Published on: Tuesday, August 4, 2020

A Mississippi U.S. District Court issued its opinion in Jamison v McClendon, No. 3:16-CV-595-CWR-LRA, 2020 WL 4497723 (S.D. Miss. Aug. 4, 2020)(a case which involved Clarence Jamison, a Black male driver who was pulled over by Nick McClendon, a white police officer, while driving his Mercedes convertible back to his South Carolina home after a vacation in Arizona, additional information available here. McClendon pulled Jamison over, ran Jamison's identification, confirmed his ownership of the car and, falsely told Jamison that police suspected Jamison's vehicle of containing 10 kilograms of cocaine. Jamison claimed that McClendon then asked to search his car five times despite Jamison's repeated refusals. Jamison eventually relented, and McClendon searched the car, even calling a canine unit to sniff the vehicle—the searches turned up nothing. Jamison filed a lawsuit against McClendon, claiming that he had violated Jamison's Fourth and Fourteenth Amendment rights by falsely detaining and searching him and for racially profiling him as a Black man.

The Court ruled that McClendon had flagrantly disregarded Jamison's Fourth Amendment rights by unlawfully coercing Jamison to consent to the search. Yet because there is no precedent "that places the Constitutional question 'beyond debate,'" McClendon is entitled to qualified immunity. The doctrine of qualified immunity, which protects police officers from lawsuits over their behavior on the job, has received massive scrutiny in the wake of the police killing of George Floyd and the ensuing Black Lives Matter protests. The District Court urged the Supreme Court to "eliminate" qualified immunity. "Over-turning qualified immunity will undoubtedly impact our society," Reeves wrote. "Yet, the status quo is extraordinary and unsustainable. Just as the Supreme Court swept away the mistaken doctrine of 'separate but equal,' so too should it eliminate the doctrine of qualified immunity."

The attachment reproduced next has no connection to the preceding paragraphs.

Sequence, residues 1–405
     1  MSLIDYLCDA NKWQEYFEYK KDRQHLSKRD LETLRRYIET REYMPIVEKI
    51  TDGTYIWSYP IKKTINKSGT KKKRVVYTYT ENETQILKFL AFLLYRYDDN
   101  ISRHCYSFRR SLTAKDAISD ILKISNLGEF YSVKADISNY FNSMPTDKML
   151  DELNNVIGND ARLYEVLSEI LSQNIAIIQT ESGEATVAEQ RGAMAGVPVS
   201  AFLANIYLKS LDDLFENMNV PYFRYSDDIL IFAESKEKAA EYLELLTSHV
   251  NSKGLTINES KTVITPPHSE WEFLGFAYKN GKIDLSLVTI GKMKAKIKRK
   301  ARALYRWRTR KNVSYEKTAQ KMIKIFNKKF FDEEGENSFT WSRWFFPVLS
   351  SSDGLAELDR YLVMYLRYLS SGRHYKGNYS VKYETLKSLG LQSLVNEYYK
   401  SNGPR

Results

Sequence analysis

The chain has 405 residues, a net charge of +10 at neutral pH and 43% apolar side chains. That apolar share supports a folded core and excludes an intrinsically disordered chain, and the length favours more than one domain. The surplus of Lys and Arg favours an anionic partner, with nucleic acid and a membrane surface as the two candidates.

"Under that law, the officer who transformed a short traffic stop into an almost two-hour, life-altering ordeal is entitled to qualified immunity," the Court wrote. "But let us not be fooled by legal jargon. Immunity is not exoneration. And the harm in this case to one man sheds light on the harm done to the nation by this manufactured doctrine."

The facts in Jamison are depressingly familiar and the decision placed Jamison's ordeal in the context of Black Americans' broader struggle for equal justice. The opinion begins with a lengthy–though non-exhaustive–and poetic recitation of the names of Black people killed in recent years by police officers who largely went unpunished.

"Clarence Jamison wasn’t jaywalking," Reeves wrote. "That was Michael Brown."

"He wasn't outside playing with a toy gun. That was 12-year-old Tamir Rice."

"He didn't look like a 'suspicious person.' That was Elijah McClain."

"He wasn't suspected of 'selling loose, untaxed cigarettes.' That was Eric Garner."

"He wasn't suspected of passing a counterfeit $20 bill. That was George Floyd."

"He didn't look like anyone suspected of a crime. That was Philando Castile and Tony McDade."